Rent prices have softened in college towns as millions of Americans move back in with their parents due to the coronavirus pandemic, according to Zillow.
COVID-induced factors such as rising unemployment and campus closures have driven approximately 2 million 18- to 25-year-olds to move back in with parents or grandparents – an 11% increase from a year ago.
“The softening rental market across the country is more stark in college neighborhoods as pandemic-mandated campus closures, and opportunities to complete courses online have provided motivation for young people to move back home,” said Zillow Senior Economist Cheryl Young.
Around 44% of colleges and universities across the United States have transitioned fully or primarily to remote learning for the fall semester, according to data from The Chronicle of Higher Education and Davidson College. Only 27% are offering classes fully or primarily in person.
College students represent about 8% of the US rental market in a typical year, and reduced demand has a noticeable impact on rents in ZIP codes with at least 20% student population.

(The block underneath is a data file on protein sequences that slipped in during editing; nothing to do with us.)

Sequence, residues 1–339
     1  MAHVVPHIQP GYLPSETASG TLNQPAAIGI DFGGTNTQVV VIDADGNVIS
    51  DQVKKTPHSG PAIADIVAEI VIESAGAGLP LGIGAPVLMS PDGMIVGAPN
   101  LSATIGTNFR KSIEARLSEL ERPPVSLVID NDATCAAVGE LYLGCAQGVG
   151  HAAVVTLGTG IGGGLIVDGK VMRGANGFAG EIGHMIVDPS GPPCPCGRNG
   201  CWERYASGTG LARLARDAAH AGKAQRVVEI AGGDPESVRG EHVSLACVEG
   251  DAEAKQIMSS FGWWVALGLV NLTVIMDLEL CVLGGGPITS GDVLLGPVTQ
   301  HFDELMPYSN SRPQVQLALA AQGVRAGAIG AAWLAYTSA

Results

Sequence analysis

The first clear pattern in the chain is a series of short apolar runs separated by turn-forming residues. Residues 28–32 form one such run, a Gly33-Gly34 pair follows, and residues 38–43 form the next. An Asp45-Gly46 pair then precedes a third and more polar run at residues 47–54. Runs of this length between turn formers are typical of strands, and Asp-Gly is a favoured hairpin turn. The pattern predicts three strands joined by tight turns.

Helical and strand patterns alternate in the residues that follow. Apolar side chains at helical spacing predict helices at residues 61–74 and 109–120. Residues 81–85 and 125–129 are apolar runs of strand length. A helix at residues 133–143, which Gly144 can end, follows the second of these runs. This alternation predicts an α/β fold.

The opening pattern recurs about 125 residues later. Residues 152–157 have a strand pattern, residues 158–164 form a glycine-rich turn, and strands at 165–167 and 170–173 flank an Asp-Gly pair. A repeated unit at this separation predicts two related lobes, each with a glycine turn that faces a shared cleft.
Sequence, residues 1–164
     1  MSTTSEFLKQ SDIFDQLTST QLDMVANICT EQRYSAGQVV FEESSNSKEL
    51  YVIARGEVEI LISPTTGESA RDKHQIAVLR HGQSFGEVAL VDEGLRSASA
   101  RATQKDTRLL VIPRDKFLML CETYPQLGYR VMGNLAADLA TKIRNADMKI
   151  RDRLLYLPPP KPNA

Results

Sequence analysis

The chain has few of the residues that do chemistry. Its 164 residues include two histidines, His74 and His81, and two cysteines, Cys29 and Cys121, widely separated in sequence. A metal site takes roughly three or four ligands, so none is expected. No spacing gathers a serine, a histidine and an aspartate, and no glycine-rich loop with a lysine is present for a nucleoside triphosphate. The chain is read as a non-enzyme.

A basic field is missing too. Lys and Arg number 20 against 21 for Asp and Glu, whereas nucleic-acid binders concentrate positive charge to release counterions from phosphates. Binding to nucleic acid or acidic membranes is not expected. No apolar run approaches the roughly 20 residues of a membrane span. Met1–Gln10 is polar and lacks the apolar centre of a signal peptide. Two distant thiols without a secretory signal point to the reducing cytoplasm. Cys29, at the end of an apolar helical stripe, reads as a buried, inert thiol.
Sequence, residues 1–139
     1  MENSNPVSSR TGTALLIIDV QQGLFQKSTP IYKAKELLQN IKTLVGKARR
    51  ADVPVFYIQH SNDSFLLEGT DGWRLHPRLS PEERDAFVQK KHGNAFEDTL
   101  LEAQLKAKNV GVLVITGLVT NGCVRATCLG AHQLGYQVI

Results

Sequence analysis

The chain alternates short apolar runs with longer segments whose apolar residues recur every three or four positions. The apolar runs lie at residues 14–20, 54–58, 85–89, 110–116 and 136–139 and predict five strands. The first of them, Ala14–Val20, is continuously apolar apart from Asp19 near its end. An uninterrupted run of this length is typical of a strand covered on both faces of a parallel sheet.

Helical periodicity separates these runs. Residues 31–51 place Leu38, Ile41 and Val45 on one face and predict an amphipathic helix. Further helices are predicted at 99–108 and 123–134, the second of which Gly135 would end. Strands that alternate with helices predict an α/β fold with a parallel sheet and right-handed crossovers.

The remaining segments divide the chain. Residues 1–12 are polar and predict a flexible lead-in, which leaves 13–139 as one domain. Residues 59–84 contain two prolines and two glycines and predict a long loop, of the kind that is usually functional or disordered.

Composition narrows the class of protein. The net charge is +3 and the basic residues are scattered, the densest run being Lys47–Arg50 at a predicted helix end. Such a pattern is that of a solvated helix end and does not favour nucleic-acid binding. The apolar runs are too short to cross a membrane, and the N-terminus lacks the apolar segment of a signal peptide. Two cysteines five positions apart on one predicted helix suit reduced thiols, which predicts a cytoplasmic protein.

Before COVID-19, rent price growth in these neighborhoods was rising at a 4.7% year-over-year pace in February. By August – when many students would typically move back near campus – rents dipped 0.5% from the year before. This is the first time since at least 2017 in which college-area rents were lower than the previous year.
However, that was not the case for ZIP codes with a lower share of college students. Rent growth in these areas was up 2.6% annually.
The pandemic has also widened the rent price gap between college areas and non-college areas. In May, the average rent was just 1% lower in areas with a high share of college students than those with a lower student population. That grew to 3.4% in August – the furthest college-area rents have fallen below rents elsewhere since at least 2017, according to Zillow.
To attract new tenants and mitigate losses, rental owners in college neighborhoods have become more generous with discounts and other incentives. Rent concessions on Zillow listings nationwide were nearly twice as common as they were pre-pandemic.
On a more positive note, there is a possibility that landlords may be able to recover quickly from the downturn once vaccines are available and students can return safely to campus, according to Young.
“With many leases ending at the end of the summer or the beginning of the fall, we can expect even greater impacts in the months ahead,” she said. “The good news for rental owners is administrators seem to be itching to bring students back to campus as soon as they can do so safely, so it’s possible this will be a relatively short-term shock to rent prices.”